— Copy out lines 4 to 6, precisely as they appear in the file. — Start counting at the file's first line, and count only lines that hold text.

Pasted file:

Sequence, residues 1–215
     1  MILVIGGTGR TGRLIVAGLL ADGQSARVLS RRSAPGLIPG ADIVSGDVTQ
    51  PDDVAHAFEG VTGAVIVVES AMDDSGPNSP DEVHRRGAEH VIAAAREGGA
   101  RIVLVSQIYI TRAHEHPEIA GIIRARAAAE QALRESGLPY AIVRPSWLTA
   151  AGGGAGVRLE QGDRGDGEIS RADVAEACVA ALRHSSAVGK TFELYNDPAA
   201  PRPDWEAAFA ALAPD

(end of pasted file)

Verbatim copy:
   101  RIVLVSQIYI TRAHEHPEIA GIIRARAAAE QALRESGLPY AIVRPSWLTA
   151  AGGGAGVRLE QGDRGDGEIS RADVAEACVA ALRHSSAVGK TFELYNDPAA
   201  PRPDWEAAFA ALAPD